All of these scenarios feature logical pathways for political change out to 2040. Collectively they give us a pretty good look at the challenges that will confront citizens interested in making today’s representative governments more “democratic.” First, the entire set reminds us that power is a central issue in governance and political life. The dynamics of change often feature contests over preferences and the co-evolution of actors who variously compete and collaborate. Second, technology will in all likelihood play a central role in the contests over what government will look like. Third, and by no means a new state of affairs, citizens at large will not be the only empowered and invested stakeholder group seeking to influence the course of change.
Most interesting, however, is the fact that each of these possible futures represents a logical evolution of what people will call democracy. Careful consideration of the world’s political futures anticipates a number of retrograde possibilities, particularly in certain regions or countries. But amidst all of the global turmoil these five scenarios remain logical possibilities for those countries we currently term democracies. And given that in this new era of political change there are empowered political innovators and experimenters emerging in every region of the world, each within their own unique cultural and socio-economic milieu, we should expect that the future of democracy will be one of increasing diversity of form.
So, what does all this mean for the civic-minded, democratizing citizen activist/innovator/advocate? Techno-inspired notions of digital democracy do not emerge without concerted help, and so an appreciation for the age-old realities of politics, power, and institutional change is needed to map and navigate the very real, very strong forces for change and forces for the status quo. Political innovators also need an understanding of how new technologies actually tend to emerge and redefine societies; every generation witnesses a new technology heralded as “democratizing” yet subsequently fails to usher in a new democratic age. They also need to remain connected to the sprawling networks of civic innovators around the world, drawing both inspiration as well as insight from the many efforts currently underway.
Finally, a clear image of what they see as democratization will aid them greatly in successfully pursuing political innovation towards the ends they truly wish to attain. There are emerging a great many stakeholders pursuing political change under the banner of “democratization,” but the images inspiring those stakeholders differ dramatically, ranging from the e-anarchy of techno libertarians to the citizen-led problem-solving regimes imagined by open government and transparency advocates. An appreciation for the fact that our notions of what constitutes democratic governance are diverging will help citizens clarify their own preferred futures for governance as well as help them align with those other stakeholders who hold truly complementary visions for the future.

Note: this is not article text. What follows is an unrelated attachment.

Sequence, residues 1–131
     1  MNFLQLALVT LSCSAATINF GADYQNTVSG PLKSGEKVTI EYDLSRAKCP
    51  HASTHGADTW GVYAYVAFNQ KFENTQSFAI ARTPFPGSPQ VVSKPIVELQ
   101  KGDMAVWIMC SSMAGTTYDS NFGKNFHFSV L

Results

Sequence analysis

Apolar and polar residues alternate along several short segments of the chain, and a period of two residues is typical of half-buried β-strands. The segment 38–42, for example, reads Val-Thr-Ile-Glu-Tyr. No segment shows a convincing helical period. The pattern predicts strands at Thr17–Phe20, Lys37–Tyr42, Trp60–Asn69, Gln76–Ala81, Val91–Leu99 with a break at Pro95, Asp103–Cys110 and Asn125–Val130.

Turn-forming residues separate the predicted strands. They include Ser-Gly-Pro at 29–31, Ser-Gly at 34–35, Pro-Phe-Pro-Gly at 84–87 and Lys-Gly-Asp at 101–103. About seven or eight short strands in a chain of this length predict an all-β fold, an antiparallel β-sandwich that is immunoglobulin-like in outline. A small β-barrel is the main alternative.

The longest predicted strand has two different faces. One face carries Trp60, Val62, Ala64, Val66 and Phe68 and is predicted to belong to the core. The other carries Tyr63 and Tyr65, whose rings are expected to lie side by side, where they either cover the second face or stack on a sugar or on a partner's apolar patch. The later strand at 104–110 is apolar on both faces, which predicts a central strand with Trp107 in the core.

Stepping back, we can anticipate that citizens are in for no easy ride into the future. On the one hand, they are empowered to envision and pursue political change – and democratization in particular – as never before. On the other hand, every other interested stakeholder, from the state to corporations to hacktivists and cyber criminals is likewise inspired by emerging capabilities and empowered to energetically pursue their preferences for the future of governance. This results simultaneously in a great deal of hope and a great deal of troubling uncertainty for citizens contemplating a democratic future. This confluence of trends and possibilities will be very turbulent time for political life and will likely witness an increasing diversity of future democratic practices.
There are many excellent guides to major trends that will affect us all over the next decades. For guidance, see http://www.samiconsulting.co.uk . What we have tried to do in this blog sequence is to highlight a specific emerging change from the many, and to explore some of the potential impacts. We welcome thoughts on other drivers of change or more impacts of the ones we have highlighted.
Written by SAMI Associate, Richard Lum PhD
 Lum, R. “A Futures Perspective on Constitutional Governance.” International Journal of System of Systems Engineering. Forthcoming